Lots of mail pursuant to the Game Scores 2.0 piece…
Yesterday Kerry Wood shutout the Mets who fielded a lineup that was major league only because the players were allowed to wear Mets uniforms. Shouldn’t the game scores somehow represent the lineup a pitcher faces. A Pedro or Mulder shutout of the Yanks full-strength lineup simply can’t have the same game score as Wood’s “masterpiece” yesterday. BTW, the PCL champion Sacramento Rivercats (Crosby, Koonce, Grabowski, German, Edwards, et. al.) fielded a better lineup than the Mets yesterday. Check the Cats’ MEQs.
Ideally, H.W., there would such a variable, but that would just about 86 any ease-of-calculation appeal game scores might have. But the idea is certainly correct: not all outings, be they gems or disaster starts, are created equal. (For instance, take a gander at the cast of forgettables Eric Milton mowed down in his 1999 no-hitter.) It’s not quite germane to game scores, but Keith Woolner’s Pitcher’s Quality of Batters Faced reports are highly instructive in this regard.
Sox fans, how’s that 10 p.m. start working out for you?
I had no problem with MLB giving the A’s a postseason home game at night for the first time since, well, maybe ever. That said, I do think the AL playoff structure as a whole is pretty ridiculous. The Yankees and Twins ended up with about 52 hours between the end of their first game and the beginning of their second. The A’s and Sox will have about 13 hours. That’s not fair, and it’s the direct result of letting TV considerations override common sense. You can give the A’s a night game or you can give the Yankees and Twins the off day; you can’t do both.
As so often happens with things Selig, whatever could go wrong, did. The A’s and Sox played 12 innings in a shade under five hours, ending just before 3 a.m. EDT. Worse still for Sox fans, the game ended in defeat, as Ramon Hernandez laid down a perfect two-out, bases-loaded bunt to drive home the winning run, this after the Sox had blown a ninth-inning lead.
Those who stuck it out saw an exciting ballgame. It wasn’t the much-anticipated pitchers’ duel, and it wasn’t exactly a great game, but it was exciting. Todd Walker and Erubiel Durazo traded roundhouse punches for most of the night, with each player coming up a hero against a southpaw. The two starting pitchers were off their game, combining to allow six runs on 16 hits in 13 2/3 innings of work. Pedro Martinez wasn’t himself, striking out just three batters and allowing four walks.
Jerry Manuel gets his fond farewell. The Cardinals get a PECOTA mini-evaluation. And the Rangers get to look forward to seeing Ramon Nivar and Juan Ramon Dominguez in the future. All this and much more news from Chicago, St. Louis, and Texas in your Thursday edition of Prospectus Triple Play.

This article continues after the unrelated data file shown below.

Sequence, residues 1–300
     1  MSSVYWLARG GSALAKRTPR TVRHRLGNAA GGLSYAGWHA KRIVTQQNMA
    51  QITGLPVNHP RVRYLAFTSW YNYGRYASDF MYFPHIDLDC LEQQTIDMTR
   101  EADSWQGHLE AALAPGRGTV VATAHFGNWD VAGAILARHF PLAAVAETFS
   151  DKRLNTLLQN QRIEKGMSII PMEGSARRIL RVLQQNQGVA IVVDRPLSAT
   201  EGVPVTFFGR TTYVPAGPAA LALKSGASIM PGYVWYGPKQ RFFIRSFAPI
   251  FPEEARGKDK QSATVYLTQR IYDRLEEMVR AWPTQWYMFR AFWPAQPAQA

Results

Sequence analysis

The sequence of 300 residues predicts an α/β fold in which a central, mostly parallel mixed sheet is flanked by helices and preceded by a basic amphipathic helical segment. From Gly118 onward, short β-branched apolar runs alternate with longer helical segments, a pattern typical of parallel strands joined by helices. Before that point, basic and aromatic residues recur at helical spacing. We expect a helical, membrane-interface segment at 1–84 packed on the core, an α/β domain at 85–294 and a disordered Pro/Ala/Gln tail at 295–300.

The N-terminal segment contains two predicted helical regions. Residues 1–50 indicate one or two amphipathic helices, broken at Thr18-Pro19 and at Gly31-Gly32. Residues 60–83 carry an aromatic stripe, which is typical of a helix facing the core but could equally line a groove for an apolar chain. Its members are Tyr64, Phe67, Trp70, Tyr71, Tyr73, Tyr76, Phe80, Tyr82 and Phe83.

The games so far have gone according to form, not in the sense that they’ve been predictable, but in the sense that each series has its strengths. Want slugging? Got it. Want great pitching? Got it. Want strategy? Got it. Want to second-guess managers? We’ve got that too. Want to see the best players that baseball has to offer? We might not have all of ’em, but there’s certainly plenty. (Even the announcing has been pretty good, but more on that later.) All in all, it’s a great time to be both a baseball fan and a medhead. The only negative so far? The fact that I’m up at nearly 2 a.m. watching the Red Sox play a phenomenal game in Oakland. Oh well… there are worse fates, I suppose.
While wondering if seeing high-speed film of Chad Bradford might make a biomechanist’s head explode, here are the injuries from today’s games…
On July 12, 2002, the Padres and White Sox struck a deal. The White Sox acquired one-time top prospect D’Angelo Jimenez for the non-pitching version of Alex Fernandez and Humberto Quintero, a 22-year-old catcher who was hitting .194 in the Carolina League. While it went unnoticed in most of baseball, I considered July 12th to be a dark day last summer, as the White Sox had just removed, from my own back yard, the most exciting defensive player I had ever seen. Quintero was simultaneously a joy to watch and a pain to endure. He exemplified both what is right and wrong with scouting in every inning, bringing entertainment to his fans and losses to his team. There was no mistaking the entertainment factor of watching him behind the plate. There was also no avoidance of the misery of watching him overmatched at the plate, wondering how someone so good at one part of a game could be so awful at another. Quintero is one of three or four people alive that I would pay to watch play defense. When scouts talk about great catch-and-throw guys, they compare them to Ivan Rodriguez. Quintero is currently on a level that Rodriguez has not seen in a decade. His arm strength is at the top of the scale, and his quick release and footwork have earned him the nickname “Little Pudge.”